As the Southern Baptist Convention’s annual meeting gets underway this week, survivors of SBC clergy abuse are calling for a thorough investigation of how the convention handles reports of abuse by church staff and volunteers.
But the question remains: Will enough SBC delegates listen?
Eight abuse survivors on Sunday issued a statement calling for an outside organization to oversee an audit of sexual abuse within the entire denomination.
Just two days earlier, the SBC’s Executive Committee, the governing body of the convention, announced it would hire an outside firm, Guidepost Solutions, to investigate the committee’s response to abuse. But during a pre-conference meeting today, the Executive Committee rebuffed attempts to add discussion of a second, more comprehensive investigation to its agenda.
Now, some SBC delegates say they’ll raise the issue of a broader investigation on the floor of the convention meeting, which starts tomorrow in Nashville, Tennessee.
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For 15 years, Christa Brown has been pushing for the Southern Baptist Convention to reform how it handles allegations of clergy sexual abuse. Herself a survivor of abuse by a Southern Baptist pastor, she’s one of the eight calling for a strong third-party investigation into SBC mishandling of abuse reports.
This week, she’s talked with SBC pastors whom she felt had heard her cries for justice.
“I truly believe there are some Southern Baptist pastors who are hearing us,” Brown said Monday.“But whether there are enough? Well, that’s a whole ‘nother question.”
Headed for a vote
The two-day SBC gathering is expected to be highly contentious as the nation’s largest Protestant denomination grapples with a number of serious challenges, including charges and countercharges about how it has handled sex abuse claims.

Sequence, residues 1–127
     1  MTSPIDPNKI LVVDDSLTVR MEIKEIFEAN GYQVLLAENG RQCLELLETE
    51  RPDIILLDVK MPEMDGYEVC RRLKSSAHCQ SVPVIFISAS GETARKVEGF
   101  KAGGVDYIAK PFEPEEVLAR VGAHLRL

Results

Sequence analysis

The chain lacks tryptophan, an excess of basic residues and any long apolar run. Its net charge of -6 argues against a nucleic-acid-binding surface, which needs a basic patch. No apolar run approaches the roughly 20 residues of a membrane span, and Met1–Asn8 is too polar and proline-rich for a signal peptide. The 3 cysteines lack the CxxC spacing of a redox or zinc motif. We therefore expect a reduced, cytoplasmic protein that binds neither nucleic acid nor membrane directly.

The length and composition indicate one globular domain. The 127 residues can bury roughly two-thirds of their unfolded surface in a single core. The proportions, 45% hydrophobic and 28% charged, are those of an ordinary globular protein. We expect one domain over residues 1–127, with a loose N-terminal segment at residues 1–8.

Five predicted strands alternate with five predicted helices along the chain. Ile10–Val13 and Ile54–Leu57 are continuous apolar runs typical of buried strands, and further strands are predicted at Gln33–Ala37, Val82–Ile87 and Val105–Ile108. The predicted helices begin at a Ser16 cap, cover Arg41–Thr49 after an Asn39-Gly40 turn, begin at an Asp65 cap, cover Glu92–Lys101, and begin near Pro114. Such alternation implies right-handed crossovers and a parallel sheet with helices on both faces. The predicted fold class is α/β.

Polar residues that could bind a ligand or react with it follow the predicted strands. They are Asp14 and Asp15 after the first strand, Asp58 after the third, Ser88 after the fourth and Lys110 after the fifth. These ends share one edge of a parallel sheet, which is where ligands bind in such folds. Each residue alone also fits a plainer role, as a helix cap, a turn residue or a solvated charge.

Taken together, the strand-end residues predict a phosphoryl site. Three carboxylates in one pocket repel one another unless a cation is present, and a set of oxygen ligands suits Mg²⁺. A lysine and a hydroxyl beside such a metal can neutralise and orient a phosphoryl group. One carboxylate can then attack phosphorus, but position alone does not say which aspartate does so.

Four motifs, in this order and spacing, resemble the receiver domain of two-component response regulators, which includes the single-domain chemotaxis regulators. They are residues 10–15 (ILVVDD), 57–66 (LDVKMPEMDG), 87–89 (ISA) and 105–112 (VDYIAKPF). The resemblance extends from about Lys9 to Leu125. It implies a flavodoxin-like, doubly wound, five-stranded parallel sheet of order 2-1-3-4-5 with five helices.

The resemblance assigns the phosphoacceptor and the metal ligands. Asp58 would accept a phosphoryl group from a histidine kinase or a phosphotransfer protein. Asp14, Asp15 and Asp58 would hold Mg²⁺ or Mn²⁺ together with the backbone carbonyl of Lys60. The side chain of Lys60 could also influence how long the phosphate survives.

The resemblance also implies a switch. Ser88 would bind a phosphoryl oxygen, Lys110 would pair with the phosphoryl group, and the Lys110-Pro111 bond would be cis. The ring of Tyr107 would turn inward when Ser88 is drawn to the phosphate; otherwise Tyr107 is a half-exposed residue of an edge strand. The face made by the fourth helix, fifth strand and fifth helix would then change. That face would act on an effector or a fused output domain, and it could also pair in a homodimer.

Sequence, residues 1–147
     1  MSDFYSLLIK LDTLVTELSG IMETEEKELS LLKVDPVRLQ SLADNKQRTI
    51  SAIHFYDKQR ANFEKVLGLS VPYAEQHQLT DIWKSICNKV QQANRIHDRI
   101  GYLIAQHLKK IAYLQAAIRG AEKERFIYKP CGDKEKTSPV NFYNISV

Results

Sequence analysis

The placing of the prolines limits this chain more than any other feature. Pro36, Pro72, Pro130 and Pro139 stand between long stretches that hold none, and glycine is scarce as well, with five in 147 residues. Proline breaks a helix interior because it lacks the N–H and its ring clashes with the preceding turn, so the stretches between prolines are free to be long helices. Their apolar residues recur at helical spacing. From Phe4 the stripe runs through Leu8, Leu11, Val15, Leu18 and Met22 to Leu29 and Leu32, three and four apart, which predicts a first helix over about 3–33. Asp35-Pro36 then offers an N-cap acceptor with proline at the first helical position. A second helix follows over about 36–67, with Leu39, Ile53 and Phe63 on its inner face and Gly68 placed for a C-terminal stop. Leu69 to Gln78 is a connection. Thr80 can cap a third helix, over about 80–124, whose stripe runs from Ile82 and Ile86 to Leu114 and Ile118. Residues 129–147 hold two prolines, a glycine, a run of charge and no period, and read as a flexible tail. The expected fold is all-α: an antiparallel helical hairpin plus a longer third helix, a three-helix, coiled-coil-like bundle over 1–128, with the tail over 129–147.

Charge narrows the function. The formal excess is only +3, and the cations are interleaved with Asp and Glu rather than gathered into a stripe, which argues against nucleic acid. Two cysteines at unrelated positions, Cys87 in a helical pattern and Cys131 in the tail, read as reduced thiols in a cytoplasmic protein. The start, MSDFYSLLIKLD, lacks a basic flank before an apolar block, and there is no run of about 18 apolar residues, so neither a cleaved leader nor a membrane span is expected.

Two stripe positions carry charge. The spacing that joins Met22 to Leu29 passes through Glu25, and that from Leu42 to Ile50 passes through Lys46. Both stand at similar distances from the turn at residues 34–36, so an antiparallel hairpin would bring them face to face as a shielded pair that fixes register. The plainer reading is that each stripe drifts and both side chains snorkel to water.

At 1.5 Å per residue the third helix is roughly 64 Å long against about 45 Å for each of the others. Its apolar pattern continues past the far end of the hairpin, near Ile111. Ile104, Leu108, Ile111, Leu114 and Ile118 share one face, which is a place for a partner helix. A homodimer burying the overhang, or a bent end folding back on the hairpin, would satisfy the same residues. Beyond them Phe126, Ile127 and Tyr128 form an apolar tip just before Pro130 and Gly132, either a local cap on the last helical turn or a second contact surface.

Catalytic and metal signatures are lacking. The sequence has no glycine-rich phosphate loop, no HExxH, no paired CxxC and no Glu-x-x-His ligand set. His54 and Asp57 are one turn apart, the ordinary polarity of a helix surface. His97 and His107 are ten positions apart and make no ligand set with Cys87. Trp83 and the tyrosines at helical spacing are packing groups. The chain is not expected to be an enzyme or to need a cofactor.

Though she’s not in attendance at this year’s meeting, Brown is keeping close tabs on the proceedings through livestreams, emails and private messages. She has been speaking publicly since 2006 about her abuse at the hands of her church’s youth pastor when she was a teen, and has called for reforms to prevent similar cases within the SBC.
“I was a voice crying in the wind,” she said. And she’s grateful for pastors, including Todd Benkert, who’ve listened to her and other survivors over the last several months.
Benkert, pastor of Oak Creek Community Church in Mishawaka, Indiana, has announced he’ll make a motion Tuesday at the SBC’s annual meeting calling for a comprehensive audit and assessment of the ways the SBC has handled sexual abuse claims.
The survivors’ statement Sunday specifically urged messengers to vote in favor of Benkert’s motion. “In my view,” Brown said, Benkert’s wording“will be a much stronger motion than anything we’ve seen before.”
The survivors are also asking for a full release “without redaction” of the investigation by Guidepost Solutions into the actions of Executive Committee staff and trustees.
Executive Committee motion ‘shot down’